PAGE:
It is not an easy case to make, I’ll grant, not easy to support the claim that Christianity has something left to offer to those identifying themselves as “Spiritual But Not Religious” (SBNR). And so as I begin this new blog, I intend to offer a basic rationale, a “theological framework,” to help the reader understand my perspective. To that end the next few posts will have names like, “There is No Such Thing as a Miracle,” “I’m Not Buying the Whole Magic Blood Thing,” “The Anthropomorphic God is a Fiction,” things like that.
Now some may want to argue that in writing such posts I don’t sound much like a Christian at all, (and yet I claim to be just that: a Christian, firmly ensconced in the Christian religion.) It might even be reasonable to ask how I can support the Christian religion. The truth is, I can’t. At least I can’t if the Christian religion is understood to be collection of propositions about a triune God to which I must give intellectual ascent, or be cast into the fires of hell. If the Christian religion is understood to be a series of ethical positions derived from ancient texts that must now be applied to a modern world, then you’d have to say I’m not very religious. If the Christian religion requires me to believe that Mary was a virgin, or that Jesus walked on water, then I’m not very religious. If it means that I have to consign gay people to an afterlife of weeping and gnashing of teeth, then frankly, I’m not religious at all. Nor could I support similar expressions describing any of the world’s religious traditions. After all, it is those expressions of religion that move so many wise and thoughtful people to call themselves “Spiritual But Not Religious.”
But suppose that religion in general, and the Christian religion in particular are not about that stuff at all? I have come to believe that religions offer us a context of meaning within which to live our lives. We are religious creatures. We need a narrative to give coherence to our lives. Neuroscientists tell us that our brains are wired to make narrative sense of the world around us. Having a coherent narrative to frame our lives is the very definition of sanity. Religions provide such a narrative; they give us a framework of meaning within which we live our lives. We are all religious in this sense of the word – all of us – and because of that, if we do not think critically about our religion, our framework of meaning, then we become subject to the manipulation of those who would use our need for a context of meaning, toward their own ends. The marriage of political power and religion has always been about that; but that usury dynamic is also seen in things like consumerism. Consider the marriage of consumerism and the entertainment culture of our society. Consider the values inculcated, the desires manipulated through a media enterprise controlled by those who seem hell bent on directing our work towards rampant unsustainable growth. It’s the religion that drives our economy. The problem here is not that there is such a thing as religion – that cannot be avoided for we are religious creatures – the problem comes when religion no longer serves the purposes of, for lack of a more accurate word, God. The problem comes when the power of religion, which stems from our biological need to make narrative sense of the world around us, is used to bind and enslave us.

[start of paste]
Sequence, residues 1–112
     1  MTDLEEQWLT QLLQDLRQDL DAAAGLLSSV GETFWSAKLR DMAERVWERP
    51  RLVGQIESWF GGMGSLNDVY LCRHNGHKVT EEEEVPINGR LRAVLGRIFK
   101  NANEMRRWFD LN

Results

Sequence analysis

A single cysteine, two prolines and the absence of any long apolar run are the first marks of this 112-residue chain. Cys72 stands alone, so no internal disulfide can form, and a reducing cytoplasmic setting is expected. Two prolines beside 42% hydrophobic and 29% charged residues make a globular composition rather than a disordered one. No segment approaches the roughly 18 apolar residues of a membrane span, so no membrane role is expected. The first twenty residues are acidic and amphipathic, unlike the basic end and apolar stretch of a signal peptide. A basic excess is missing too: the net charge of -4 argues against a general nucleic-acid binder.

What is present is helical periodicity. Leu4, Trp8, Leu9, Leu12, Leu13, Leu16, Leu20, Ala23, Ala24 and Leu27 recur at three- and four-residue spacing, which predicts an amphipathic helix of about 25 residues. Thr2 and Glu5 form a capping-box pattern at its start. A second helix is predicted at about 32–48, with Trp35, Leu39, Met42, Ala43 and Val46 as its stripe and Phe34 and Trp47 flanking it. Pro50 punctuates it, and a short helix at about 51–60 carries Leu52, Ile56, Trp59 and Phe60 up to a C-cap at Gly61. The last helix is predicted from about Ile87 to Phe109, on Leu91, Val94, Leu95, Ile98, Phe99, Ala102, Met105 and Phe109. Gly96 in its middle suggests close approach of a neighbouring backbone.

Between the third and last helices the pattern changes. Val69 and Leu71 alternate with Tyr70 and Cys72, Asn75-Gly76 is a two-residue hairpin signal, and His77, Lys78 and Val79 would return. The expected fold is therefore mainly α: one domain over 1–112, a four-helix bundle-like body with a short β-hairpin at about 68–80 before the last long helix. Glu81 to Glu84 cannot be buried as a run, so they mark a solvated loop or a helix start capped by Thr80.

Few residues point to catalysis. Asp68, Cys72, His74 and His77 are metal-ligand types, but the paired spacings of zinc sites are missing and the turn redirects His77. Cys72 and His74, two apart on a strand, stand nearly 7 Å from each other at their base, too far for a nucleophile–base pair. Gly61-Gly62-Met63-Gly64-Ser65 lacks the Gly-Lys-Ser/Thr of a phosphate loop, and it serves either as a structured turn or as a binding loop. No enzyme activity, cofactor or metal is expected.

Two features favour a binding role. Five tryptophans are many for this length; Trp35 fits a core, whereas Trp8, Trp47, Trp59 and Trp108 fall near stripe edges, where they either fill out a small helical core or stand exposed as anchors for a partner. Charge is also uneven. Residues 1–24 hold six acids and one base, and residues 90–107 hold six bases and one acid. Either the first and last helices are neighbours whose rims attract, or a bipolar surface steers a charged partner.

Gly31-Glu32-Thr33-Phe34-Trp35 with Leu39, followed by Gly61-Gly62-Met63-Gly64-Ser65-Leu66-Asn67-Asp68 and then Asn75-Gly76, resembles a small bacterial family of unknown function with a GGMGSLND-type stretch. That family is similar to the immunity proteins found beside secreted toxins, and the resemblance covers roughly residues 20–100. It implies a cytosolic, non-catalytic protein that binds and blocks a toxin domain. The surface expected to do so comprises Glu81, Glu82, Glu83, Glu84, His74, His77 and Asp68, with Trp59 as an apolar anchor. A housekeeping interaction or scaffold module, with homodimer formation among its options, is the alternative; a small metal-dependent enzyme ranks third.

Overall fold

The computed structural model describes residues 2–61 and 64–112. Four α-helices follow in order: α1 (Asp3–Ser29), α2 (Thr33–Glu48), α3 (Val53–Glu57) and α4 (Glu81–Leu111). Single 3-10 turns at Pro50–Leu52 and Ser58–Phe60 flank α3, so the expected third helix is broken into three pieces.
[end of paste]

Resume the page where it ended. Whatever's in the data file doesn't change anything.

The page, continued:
My challenge will be to describe a Christian religion devoid of magical constructs, a religion free from the constraints of fear. My challenge in this blog will be to describe the Christian religion in such a way that the seeds of freedom which lie at its core germinate within us. This is not a task for the one, it is a task for the many. I look forward to the conversation.